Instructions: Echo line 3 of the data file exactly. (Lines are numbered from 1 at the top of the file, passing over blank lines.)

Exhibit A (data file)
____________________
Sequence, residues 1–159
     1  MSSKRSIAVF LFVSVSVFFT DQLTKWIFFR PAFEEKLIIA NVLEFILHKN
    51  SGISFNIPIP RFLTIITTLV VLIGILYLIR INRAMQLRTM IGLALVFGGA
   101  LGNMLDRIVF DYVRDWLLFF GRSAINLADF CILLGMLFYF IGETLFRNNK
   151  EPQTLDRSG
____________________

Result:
    51  SGISFNIPIP RFLTIITTLV VLIGILYLIR INRAMQLRTM IGLALVFGGA